Harrogate gym launches strength training for menopausal women
Last updated Aug 6, 2022
From left: Coaches Mark Nel and Kelly Loe, who co-own Eleven Eleven with Dean and Liz Kemp.

A Harrogate gym has launched strength training sessions for women over 40 in an bid to “change the narrative” around menopause.

The sessions will be held at Eleven Eleven Sports Performance, which launched a studio on Otley Road in May.

The programme will focus on heavy lifting and increasing strength training to stimulate and build muscles to make up for the decline in the hormones estrogen and progesterone. It will also include sprint interval training, plyometrics and stabilising exercises.

Information will also be given on how to lead a healthier lifestyle to help lower cortisol levels, which is known as the stress hormone.

The sessions will be led by coaches Mark Nel and Kelly Loe, who moved to Harrogate from South Africa a year ago.

The couple co-own Eleven Eleven with Liz and Dean Kemp.

Empowering women

Ms Kemp said:

“Lifting weights is going to be good for anyone over the age of 40, but for women specifically because of the imbalances in hormones and the massive impact it has. Estrogen is a muscle-building hormone, so if that’s dropping you need to replace it.

“It’s trying to empower women to say you can do something about it. You can lift heavy and you will get the same effect and you will be able to build that lean muscle mass. This is even more important when you get older.

“It’s turning something negative into something positive. It’s about getting the narrative out there that you can pick up a barbell at any age if you are coached in the right way.”

The semi-private classes are limited to four participants to allow them develop their technique and lift safely.

They are being held on Monday, Wednesday and Friday lunchtimes from 12-1pm and 1pm-2pm.


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New skills

It is hoped that under the guidance of Mr Nel and Ms Loe, who are both skilled weightlifters, the sessions will encourage women to try something new and gain new skills.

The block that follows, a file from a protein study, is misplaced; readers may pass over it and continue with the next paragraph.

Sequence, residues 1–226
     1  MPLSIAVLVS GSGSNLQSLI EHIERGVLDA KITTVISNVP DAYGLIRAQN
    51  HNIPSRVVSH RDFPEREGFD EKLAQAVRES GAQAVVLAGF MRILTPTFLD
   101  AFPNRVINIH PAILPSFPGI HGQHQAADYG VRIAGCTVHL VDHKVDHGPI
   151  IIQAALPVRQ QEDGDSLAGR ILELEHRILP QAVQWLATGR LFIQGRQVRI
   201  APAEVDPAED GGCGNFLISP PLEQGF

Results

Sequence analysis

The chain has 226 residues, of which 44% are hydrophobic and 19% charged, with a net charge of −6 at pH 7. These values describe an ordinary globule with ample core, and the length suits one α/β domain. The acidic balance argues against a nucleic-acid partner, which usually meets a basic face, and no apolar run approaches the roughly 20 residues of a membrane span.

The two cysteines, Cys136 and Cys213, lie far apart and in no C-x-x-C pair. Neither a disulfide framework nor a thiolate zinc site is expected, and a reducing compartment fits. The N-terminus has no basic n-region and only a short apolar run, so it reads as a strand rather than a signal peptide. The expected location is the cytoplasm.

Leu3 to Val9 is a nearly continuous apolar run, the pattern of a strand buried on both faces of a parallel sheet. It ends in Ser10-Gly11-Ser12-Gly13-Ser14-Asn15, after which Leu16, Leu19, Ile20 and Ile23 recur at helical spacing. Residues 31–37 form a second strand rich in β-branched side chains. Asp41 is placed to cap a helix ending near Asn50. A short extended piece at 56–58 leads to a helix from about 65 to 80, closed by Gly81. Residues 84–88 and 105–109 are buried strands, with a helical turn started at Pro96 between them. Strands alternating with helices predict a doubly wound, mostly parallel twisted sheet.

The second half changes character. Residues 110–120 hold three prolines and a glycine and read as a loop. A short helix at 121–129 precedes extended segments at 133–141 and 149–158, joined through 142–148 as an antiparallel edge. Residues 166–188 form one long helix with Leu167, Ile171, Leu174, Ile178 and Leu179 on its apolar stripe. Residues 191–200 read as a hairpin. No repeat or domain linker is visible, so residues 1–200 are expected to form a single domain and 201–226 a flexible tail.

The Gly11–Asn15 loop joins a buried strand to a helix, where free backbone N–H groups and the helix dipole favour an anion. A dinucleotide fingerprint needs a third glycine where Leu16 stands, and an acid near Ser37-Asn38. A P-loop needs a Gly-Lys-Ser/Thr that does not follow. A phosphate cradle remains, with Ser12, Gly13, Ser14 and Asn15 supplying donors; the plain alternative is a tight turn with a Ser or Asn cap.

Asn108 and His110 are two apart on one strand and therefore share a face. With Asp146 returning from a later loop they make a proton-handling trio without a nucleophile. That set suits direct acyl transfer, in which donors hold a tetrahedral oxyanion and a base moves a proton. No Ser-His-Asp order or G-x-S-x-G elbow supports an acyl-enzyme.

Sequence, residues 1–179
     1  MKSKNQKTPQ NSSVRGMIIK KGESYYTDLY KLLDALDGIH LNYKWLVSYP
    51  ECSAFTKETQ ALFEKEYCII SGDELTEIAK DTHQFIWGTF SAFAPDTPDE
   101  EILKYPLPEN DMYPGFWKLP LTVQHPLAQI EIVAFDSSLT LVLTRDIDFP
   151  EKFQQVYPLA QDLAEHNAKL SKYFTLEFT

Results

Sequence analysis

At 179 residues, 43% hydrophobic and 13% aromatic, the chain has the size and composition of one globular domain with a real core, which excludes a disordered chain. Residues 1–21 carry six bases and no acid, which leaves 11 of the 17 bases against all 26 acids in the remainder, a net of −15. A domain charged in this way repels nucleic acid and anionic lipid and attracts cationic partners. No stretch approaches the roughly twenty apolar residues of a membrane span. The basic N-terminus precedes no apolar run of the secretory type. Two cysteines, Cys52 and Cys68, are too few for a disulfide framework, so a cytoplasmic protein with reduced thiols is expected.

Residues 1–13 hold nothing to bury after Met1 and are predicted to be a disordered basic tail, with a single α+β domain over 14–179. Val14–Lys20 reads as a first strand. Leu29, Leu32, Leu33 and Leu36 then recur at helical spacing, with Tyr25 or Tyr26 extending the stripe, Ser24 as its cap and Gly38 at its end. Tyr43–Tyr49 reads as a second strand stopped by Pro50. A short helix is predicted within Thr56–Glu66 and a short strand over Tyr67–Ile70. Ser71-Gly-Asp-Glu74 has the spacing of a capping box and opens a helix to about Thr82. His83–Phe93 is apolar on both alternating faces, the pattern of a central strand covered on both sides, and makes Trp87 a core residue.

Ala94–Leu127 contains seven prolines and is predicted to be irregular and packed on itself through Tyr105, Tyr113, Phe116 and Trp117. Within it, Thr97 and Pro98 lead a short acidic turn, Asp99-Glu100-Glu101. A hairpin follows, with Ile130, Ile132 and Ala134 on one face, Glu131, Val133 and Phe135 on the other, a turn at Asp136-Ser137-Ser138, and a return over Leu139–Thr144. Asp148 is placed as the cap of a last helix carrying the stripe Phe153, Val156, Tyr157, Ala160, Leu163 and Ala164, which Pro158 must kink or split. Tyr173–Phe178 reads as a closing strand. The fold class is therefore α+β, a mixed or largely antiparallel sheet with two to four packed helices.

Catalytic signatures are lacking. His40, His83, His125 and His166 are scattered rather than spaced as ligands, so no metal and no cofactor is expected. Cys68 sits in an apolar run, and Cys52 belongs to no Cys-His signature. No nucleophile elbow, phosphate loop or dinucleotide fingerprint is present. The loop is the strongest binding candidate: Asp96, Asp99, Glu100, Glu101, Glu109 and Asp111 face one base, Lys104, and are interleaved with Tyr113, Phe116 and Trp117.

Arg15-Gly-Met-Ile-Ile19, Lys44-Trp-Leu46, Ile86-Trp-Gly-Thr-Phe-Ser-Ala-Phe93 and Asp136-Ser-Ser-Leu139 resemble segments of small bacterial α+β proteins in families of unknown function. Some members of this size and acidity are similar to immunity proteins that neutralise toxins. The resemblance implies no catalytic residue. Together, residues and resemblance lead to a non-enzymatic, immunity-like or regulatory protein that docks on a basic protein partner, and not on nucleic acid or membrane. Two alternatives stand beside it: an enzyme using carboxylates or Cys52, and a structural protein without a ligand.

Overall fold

Ms Kemp said:

“I turned 50 this year and I’m a control freak. I didn’t like the changes going on in my life without knowing how I could help and take back control. I think that was where it started from.

“You can’t control what your hormone levels are doing, but there are so many ways you can improve your health and body composition.

“I was training with Mark and Kelly and I realised what they were doing is what the over 40s need in their life to create a healthier and fitter lifestyle going forward.

“It’s about changing the conversation and mindset around it and focussing on the positive.

“It’s being in the right environment to be able to train safely and do what we need to do to replace what our hormones used to with nutrition, healthy living, sprint training and jumping and not being scared of doing it.”

Age is just a number

Mr Nel, who has 24 years experience in the fitness industry, said no matter what age you are, you should still be able to achieve the same ability as someone who is younger if you are taught correctly.

He said:

“You might not lift the same weight or speed, but you are not restricted to ‘you can’t do that because you are this age’. To me it doesn’t matter if you take the right approach. There are athletes doing it at 70.”

Mr Nel, who has a string of accolades under his belt in both CrossFit and weightlifting, added that programmes can be modified for individuals depending on their ability.

He said:

“If your ability is just a barbell, you have that option to go through. If you are someone who is a fit 67-year-old and you want a little bit more intensity that option is there as well.”

Foundations

There will be a focus on mastering three basic foundations of bench, squats and deadlifts before advancing further.

Ms Kemp said:

“The other thing that makes it unique is you are benchmarked. So you have your set standard and until you reach the next level you don’t progress. It allows you to understand what your weaknesses are and what you need to work on.”

Ms Loe, who has been coaching since 2015 and specialises in CrossFit, added:

“I think we have created an environment where we respect more of the technique side of it than lifting heavy. We cheer on the person who is coming last and trying the hardest, as opposed to the person coming first. We do not tolerate massive egos.”

Ms Kemp said there was so much information out there about menopause that it could be overwhelming.

She added:

“That’s what we want to strip back to the bare functions of what you can do to take control and turn the difficult transition into something positive.”


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